Black studies also has been a midwife to the birth of yet another exciting intellectual development: “whiteness studies,” an area of research that escalated in the late 1980s. Though often lampooned in the media, books and articles now gushing forth in this field address a fundamental matter that grows inexorably out of Morgan’s insight: How was it that those who warred on the shores of Europe – English vs. Irish, Russian vs. Pole, German vs. French, Serb vs. Croat, et. al. – somehow were transmuted into “white” upon arriving on these shores, resulting in the curbing of their often violent antagonism? Their effort to avoid the perceived taint of “blackness” is one answer to this conundrum put forth by scholars such as George Lipsitz of U.C.—San Diego and David Roediger of Illinois. (Scholars are awaiting eagerly a book by Princeton’s Nell Irvin Painter, The History of White People, on this complicated subject.) Certainly the existence of black studies preceded the discussion of “whiteness,” for it was apparent that the notion of “race” was far from being a one-way street, relevant to those of African descent alone. (An unaddressed question in Martin Scorsese’s otherwise arresting blockbuster, Gangs of New York, is a serious engagement with “whiteness studies,” particularly in his examination of the fate of Irish Americans.)

Morgan was not a member of a black studies department when his groundbreaking book was published, but this only illustrated the fact that the academy as a whole was coming to recognize that issues involving African-Americans had broad relevance, and rested at the heart of this nation. These issues illuminate the creation of the cumbersome Electoral College that continues to complicate presidential elections; the Civil War, which continues to hold the gruesome distinction of being the bloodiest conflict in the nation’s history; and the 13th, 14th, and 15th amendments to the U.S. Constitution, which radically refurbished the relation between states and the federal government, as they altered the very nature of citizenship. Indeed, scrutinizing the “black experience” sheds profound light on the “American experience.” And it helps to explain why the press paid rapt attention when the baton in this important field passed from Harvard to Princeton.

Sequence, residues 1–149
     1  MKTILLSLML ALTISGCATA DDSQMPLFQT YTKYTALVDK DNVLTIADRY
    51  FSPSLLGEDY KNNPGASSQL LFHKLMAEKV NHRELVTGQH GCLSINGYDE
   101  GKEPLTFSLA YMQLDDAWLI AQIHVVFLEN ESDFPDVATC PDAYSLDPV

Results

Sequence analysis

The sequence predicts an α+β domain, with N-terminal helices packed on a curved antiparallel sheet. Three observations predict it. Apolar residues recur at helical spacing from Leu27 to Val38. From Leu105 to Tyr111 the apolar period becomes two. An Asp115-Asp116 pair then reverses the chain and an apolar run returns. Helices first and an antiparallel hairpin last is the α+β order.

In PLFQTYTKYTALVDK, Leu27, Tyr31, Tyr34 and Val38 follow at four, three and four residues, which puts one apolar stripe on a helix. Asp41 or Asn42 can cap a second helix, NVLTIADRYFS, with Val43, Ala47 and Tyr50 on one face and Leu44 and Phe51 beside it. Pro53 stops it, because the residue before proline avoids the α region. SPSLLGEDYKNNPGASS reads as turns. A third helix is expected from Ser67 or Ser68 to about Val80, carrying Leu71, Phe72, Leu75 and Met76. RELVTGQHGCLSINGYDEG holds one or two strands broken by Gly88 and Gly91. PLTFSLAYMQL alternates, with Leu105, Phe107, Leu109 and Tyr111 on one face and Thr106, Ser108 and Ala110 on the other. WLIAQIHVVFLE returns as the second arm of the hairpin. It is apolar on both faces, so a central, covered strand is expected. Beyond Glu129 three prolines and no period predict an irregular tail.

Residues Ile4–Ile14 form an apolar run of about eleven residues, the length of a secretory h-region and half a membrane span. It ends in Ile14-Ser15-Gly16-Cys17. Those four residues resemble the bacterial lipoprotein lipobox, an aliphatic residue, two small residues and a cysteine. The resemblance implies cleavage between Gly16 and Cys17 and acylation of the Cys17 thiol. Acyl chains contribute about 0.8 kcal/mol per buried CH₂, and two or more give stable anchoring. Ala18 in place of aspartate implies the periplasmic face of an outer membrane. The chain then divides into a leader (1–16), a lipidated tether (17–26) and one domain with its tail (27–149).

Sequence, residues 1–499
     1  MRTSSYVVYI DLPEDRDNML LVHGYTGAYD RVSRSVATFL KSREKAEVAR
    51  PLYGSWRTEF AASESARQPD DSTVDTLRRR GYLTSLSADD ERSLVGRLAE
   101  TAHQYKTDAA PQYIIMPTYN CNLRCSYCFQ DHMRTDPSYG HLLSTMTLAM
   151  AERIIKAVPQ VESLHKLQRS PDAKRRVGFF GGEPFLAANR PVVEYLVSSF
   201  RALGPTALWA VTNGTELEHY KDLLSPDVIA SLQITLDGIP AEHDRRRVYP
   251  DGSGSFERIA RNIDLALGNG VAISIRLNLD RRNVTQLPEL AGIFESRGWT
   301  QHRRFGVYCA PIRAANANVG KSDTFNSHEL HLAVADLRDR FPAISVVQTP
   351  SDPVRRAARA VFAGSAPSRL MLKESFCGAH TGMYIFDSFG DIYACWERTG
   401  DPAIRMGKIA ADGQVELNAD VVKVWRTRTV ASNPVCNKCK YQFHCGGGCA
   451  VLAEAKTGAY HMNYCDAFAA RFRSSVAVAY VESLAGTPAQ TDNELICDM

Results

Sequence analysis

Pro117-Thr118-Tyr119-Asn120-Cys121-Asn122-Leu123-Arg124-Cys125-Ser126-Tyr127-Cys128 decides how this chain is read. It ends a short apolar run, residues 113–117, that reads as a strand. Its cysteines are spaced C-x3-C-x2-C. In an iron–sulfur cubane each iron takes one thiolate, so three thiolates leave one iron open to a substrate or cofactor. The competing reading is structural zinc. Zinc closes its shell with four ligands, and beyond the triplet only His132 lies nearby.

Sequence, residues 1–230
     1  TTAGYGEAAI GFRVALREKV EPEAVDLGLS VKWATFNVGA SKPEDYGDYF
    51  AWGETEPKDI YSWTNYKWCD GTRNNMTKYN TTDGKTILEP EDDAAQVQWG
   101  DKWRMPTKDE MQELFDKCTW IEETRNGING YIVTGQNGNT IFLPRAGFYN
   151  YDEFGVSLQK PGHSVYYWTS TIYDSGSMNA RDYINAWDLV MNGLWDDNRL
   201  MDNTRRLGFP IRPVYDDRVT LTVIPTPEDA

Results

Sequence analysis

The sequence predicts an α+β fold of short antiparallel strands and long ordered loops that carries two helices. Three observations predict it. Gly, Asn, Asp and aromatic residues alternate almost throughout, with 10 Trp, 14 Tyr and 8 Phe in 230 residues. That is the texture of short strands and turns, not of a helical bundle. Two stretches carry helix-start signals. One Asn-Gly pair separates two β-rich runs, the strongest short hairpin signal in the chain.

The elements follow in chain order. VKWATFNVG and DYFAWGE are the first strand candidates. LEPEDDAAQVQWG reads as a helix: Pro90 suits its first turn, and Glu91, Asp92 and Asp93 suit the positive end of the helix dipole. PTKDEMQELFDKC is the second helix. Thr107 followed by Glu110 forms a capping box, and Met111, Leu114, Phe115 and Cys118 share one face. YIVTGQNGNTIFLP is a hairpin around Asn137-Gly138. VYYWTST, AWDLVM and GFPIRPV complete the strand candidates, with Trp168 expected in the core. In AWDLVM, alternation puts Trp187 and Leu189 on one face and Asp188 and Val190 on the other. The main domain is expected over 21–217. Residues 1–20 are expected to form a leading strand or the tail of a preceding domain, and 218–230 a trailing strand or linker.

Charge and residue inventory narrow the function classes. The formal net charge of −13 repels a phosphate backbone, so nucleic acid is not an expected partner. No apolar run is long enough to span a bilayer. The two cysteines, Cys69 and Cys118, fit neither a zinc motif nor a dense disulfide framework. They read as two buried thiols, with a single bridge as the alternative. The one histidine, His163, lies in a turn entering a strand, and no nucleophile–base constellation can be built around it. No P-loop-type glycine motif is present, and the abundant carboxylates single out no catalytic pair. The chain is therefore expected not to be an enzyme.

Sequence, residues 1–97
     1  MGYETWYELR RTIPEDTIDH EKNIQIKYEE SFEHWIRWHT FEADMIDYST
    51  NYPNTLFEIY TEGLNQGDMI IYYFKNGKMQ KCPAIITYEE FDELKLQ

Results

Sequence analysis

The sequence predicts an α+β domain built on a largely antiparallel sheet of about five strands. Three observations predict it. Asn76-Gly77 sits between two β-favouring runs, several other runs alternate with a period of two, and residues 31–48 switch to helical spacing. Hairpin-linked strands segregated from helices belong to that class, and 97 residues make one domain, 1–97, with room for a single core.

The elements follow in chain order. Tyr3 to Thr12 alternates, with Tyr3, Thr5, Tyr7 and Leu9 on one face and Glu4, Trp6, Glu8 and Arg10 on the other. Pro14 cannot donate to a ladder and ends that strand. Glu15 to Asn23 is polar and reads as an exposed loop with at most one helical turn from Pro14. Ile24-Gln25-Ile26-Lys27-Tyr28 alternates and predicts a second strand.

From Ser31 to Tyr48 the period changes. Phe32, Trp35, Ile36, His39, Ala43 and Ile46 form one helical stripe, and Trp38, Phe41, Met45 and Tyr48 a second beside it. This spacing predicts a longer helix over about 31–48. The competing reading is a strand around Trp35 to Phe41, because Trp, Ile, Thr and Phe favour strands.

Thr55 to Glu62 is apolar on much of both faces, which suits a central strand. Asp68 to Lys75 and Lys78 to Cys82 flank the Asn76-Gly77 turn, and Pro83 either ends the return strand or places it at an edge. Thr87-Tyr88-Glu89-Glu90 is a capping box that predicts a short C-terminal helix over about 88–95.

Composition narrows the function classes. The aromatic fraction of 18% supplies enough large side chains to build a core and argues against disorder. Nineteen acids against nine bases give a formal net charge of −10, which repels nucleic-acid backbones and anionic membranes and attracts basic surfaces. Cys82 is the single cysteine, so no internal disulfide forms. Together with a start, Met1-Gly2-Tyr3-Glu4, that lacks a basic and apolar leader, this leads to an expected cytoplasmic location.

Setting aside the hoopla and front-page headlines, black studies as a discipline – in the tradition of Du Bois – continues to be on the cutting edge. Well before “globalization” became the buzzword du jour, scholars in this field were exploring the international connections of African-Americans. Scholars like Brenda Gayle Plummer of the University of Wisconsin, Mary Dudziak of the University of Southern California, and Penny von Eschen of Michigan—Ann Arbor in recent years have pointed to the ways in which the international situation influenced domestic struggles. For example, during the Cold War competition against the U.S.S.R. for the “hearts and minds” in the Third World, the atrocious treatment of peoples of color at home made it difficult for the U.S. to present itself as a paragon of human rights. The contrast between myth and reality made it clear: Jim Crow had to go – and it did.

Simultaneously, beginning in the 1950s, the routing of the black Left – which by that time included an octogenarian Du Bois, who was indicted for allegedly being an agent of an unnamed power (that is, the former U.S.S.R.) because of his campaign to ban nuclear weapons — circumscribed the range and nature of political debate among African Americans. This set the stage for the rise of the Nation of Islam, which, though it came into being in the 1930s, did not begin its vertiginous climb until this routing occurred. For some, scholarship examining these issues has raised weighty questions about the “patriotism” of African Americans – after all, the celebrated Du Bois did join the pro-Moscow Communist Party. For others, the experience of the nation’s largest racial minority presents a template for similar developments worldwide during the Cold War, in that a decline of the Left set the stage for the flowering of an even more flawed nationalism, with the rise of the Taliban in Afghanistan and Islamic Jihad in the Middle East being Exhibit A.